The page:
. Whichever interpretation is correct, he wanted to say that the very point of saying 'the non-being is opinable' is to make it clear that one will never say 'the non-being is'. The fact that "the non-being is opinable" does not imply that "the non-being is" (De Interpretatione 11 21a25 sqq)
. Other remarks of Aristotle's include, "Not-man is not a name [.] Let us call it an infinite name since it holds indifferently of anything, whether being or non-being" (De Interpretatione 2 16a30-33 and 3 16bl2-15)
. Also, he said that "of that which is not, no one knows what it is, only what the account or the name signifies when I say 'goat-stag,' but it is impossible to know what a goat-stag is" [Analytica Posteriora 2.7 92b5-8] (Ebbesen, 1986)
Lucretius believed that atoms cannot combine so freely as to create creatures of mixed species.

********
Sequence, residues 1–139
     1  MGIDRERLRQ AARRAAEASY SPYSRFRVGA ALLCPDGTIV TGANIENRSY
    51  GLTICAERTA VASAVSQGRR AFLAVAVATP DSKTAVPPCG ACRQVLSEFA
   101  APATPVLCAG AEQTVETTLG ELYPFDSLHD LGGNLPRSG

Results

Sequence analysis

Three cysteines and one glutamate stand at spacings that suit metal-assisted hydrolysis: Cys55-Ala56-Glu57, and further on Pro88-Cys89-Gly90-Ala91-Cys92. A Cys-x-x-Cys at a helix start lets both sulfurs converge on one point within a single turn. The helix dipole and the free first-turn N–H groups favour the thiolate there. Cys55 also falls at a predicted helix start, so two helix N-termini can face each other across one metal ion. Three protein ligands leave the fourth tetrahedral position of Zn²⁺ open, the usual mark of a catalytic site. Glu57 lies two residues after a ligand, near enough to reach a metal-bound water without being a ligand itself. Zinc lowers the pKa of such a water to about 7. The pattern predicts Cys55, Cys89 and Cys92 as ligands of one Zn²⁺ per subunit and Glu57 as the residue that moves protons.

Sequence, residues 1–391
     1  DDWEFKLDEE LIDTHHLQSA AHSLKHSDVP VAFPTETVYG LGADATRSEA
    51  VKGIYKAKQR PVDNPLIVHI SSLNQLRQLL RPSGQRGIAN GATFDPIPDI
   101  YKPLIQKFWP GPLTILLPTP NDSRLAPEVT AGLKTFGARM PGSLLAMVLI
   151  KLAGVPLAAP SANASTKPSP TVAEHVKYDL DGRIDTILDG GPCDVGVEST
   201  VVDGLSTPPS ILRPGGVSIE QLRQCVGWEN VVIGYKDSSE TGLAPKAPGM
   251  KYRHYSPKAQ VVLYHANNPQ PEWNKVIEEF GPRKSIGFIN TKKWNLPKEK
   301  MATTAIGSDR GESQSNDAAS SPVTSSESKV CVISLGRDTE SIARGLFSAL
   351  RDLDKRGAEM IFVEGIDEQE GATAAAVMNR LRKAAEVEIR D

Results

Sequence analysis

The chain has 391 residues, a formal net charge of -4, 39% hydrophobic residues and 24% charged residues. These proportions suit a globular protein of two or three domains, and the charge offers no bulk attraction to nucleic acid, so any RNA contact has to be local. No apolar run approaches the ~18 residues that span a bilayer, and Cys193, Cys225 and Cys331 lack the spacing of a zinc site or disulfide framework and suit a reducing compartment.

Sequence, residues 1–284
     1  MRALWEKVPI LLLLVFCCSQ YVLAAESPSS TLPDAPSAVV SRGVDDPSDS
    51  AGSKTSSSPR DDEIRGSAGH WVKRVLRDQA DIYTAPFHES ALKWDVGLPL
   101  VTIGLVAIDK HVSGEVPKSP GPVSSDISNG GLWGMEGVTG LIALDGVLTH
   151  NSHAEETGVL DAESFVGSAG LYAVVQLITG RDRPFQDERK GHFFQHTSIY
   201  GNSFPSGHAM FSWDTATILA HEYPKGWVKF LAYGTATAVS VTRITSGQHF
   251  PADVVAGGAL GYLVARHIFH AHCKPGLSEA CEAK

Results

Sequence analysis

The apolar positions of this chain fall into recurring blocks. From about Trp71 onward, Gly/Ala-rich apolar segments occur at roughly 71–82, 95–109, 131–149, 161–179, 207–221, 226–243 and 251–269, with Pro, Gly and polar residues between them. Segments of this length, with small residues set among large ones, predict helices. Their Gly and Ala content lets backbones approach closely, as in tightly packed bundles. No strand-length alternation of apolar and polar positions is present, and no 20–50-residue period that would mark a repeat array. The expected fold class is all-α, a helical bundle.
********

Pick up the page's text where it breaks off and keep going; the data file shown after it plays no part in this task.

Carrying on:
The Epicurean Lucretius gives chimeras a physical existence, thinking that the atomic pictures thrown off by the animals of which chimeras are composed may get mixed up so as to produce monstrous pictures which men may perceive. But he will not give us physical existence as sources of those pictures. The freedom of atoms to combine is not so great, he holds, that beings consisting of parts belonging to different natural species can arise [Lucretius, De Rerum Natura 2.700-717, 4.722-748, 5.878-924
]. In case non-beings do not have a physical or perceptual origin, they may have a conceptual existence. That is they are concepts which are formed either directly on the basis of things met with in nature, or through creative work (Ebbesen, 1981a, 1: 191 and 1986)